- The Washington Times - Friday, August 3, 2001

Summer wool
"I was pleased to see in your column that Congressman Don Young is practicing energy conservation and has turned up the thermostat to a balmy 73 degrees," writes one congressional correspondent, referring to our item yesterday about Capitol Hill ignoring President Bush's directive to set thermostats at 78 degrees to conserve energy.
"When covering his committee last year in the height of summer, I always carried a wool jacket to protect me against the sub-zero breezes in his committee room (I'm guessing 60 degrees on days it was 90 degrees outside)," says the woman. "It was so cold during one hearing I had to call in sick the next day with a sore throat and earache. Bravo, Mr. Young, for your sacrifice."
The Republican Mr. Young insists that humans don't work well in 78 degree temperatures. That explains why he lives in Alaska.

Calling on Dubya
Yes, that's the famous Greenpeace vessel "Rainbow Warrior" — sunk a dozen years ago by French agents after the environmental bunch drifted in the way of French nuclear tests in the South Pacific — moored at the Metropolitan Police Department dock in Washington.
Greenpeace will be offering tours of the warrior ship tomorrow and Sunday from 11 a.m. to 4 p.m.

Juntos Podemos
Speaking of the environment, President Bush and the House Republican leadership weren't without allies — Republican and Democrat — in their effort to pass a House energy bill this week, led by former Rep. Vin Weber, Minnesota Republican, political strategist and former Bush campaign adviser Ed Gillespie, and the American Petroleum Institute's Red Caveney.
Rather than attacking opponents of Mr. Bush's plan, Mr. Weber's Citizens for Real Energy Solutions ran ads mirroring Mr. Bush's theme of cooperation and optimism, saying: "Our next great challenge? Conserving and producing cleaner energy. Using new digital-age technologies to power the future while still protecting the earth."
It harks back to the Bush 2000 Hispanic campaign slogan: "Juntos Podemos," or "Together, We Can."
And given the active support of the International Brotherhood of Teamsters for drilling in Alaska's Arctic National Wildlife Refuge (ANWR), and the rather sizable 36 Democratic votes for final passage of the Bush plan, there even seems to be some truth to it.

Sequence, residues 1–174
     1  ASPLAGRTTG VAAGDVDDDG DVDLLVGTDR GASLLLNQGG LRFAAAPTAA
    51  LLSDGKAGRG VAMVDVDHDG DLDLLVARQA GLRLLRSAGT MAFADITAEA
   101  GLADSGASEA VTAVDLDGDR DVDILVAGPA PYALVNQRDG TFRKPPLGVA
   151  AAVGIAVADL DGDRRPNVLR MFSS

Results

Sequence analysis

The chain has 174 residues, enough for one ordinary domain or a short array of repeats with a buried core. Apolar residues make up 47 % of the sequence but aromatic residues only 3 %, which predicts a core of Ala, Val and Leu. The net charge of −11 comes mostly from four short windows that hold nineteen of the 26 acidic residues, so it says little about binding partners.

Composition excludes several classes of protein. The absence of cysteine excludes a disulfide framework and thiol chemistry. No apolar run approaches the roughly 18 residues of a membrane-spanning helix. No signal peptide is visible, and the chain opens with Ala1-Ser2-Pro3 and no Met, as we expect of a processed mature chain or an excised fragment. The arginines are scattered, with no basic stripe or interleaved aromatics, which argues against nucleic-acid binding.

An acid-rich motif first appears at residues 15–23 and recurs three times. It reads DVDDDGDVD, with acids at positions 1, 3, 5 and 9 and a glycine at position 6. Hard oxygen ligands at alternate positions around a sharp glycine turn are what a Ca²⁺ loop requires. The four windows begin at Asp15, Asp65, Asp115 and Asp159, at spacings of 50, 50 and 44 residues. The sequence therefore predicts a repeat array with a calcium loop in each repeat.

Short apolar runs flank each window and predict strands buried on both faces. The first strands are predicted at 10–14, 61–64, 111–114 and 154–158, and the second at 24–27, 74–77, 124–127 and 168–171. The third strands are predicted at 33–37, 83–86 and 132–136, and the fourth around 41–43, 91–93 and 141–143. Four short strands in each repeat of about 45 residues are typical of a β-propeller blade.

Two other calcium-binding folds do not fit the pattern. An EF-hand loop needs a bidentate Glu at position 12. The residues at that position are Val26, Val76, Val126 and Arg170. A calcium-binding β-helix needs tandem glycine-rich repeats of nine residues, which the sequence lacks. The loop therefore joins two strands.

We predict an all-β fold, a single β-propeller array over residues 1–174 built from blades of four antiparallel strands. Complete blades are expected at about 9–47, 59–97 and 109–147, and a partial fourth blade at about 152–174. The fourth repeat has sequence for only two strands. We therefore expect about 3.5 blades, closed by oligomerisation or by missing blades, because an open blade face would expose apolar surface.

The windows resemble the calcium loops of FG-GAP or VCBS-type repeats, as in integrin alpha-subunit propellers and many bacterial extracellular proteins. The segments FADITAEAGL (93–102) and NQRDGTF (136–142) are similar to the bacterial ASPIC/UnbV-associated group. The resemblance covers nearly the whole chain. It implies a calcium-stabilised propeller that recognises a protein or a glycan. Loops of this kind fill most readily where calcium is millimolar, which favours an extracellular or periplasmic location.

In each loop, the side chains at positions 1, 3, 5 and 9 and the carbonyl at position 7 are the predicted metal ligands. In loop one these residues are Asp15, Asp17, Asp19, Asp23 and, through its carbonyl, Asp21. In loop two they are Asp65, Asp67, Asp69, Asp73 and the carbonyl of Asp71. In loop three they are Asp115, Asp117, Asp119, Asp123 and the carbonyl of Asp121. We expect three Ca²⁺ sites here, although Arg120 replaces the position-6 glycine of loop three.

Preserving freedom
What's become of the Declaration of Independence, the Constitution and the Bill of Rights?
The Charters of Freedom, as this country's treasured parchment (animal skin) relics are known, have been transferred — by police escort in an air-ride vehicle — from an underground vault at the National Archives Building to a temporary vault in suburban Maryland, where for the next two years they will undergo microscopic examination, humidification, mending, flattening and cleaning.

Shoeshine and wisdom
It was well after midnight when Rep. J.C. Watts Jr., Oklahoma Republican, finally made his way home after a "brutal day" yesterday, 13 hours of it spent on a markup in the Armed Services Committee.
"I went home last night at 12:50 thinking, 'Why do we do this? I could be at home with my kids watching Little League baseball,'" said the 43-year-old father of five children. "And as I walked down C Street, I looked to my left and saw this beautiful dome lit up, and all of a sudden my heart said, 'Don't forget your purpose. That's why you're here.'"
Wisdom implanted in Mr. Watts two decades before, in an unlikely chair by an unlikely person.
"About 20 years ago, I went to a fellow back in Oklahoma City who operated a shoeshine stand — yeah, operated a shoeshine stand," Mr. Watts recalled yesterday. "And I was talking to this fellow, and he said to me, he said, 'J.C., you should always have something to live for, something to hope for, and something to love.'
"And I've thought about that from time to time," he said. "Especially over the last 6 1/2 years that I've been here in Washington."

Shorter lines
A final word on our pair of items this week dealing with California Sen. Dianne Feinstein's proposal to limit airline passengers to two alcoholic drinks each, thus presumably reducing the risk of "air rage."
"Maybe Senator Feinstein is onto something here," writes Michael W. Hansrote, an engineer in Tempe, Ariz. "From personal experience, I have just about been in a 'rage' at times waiting in long lines to use airplane restrooms. So maybe a two-drink maximum isn't such a bad idea after all."

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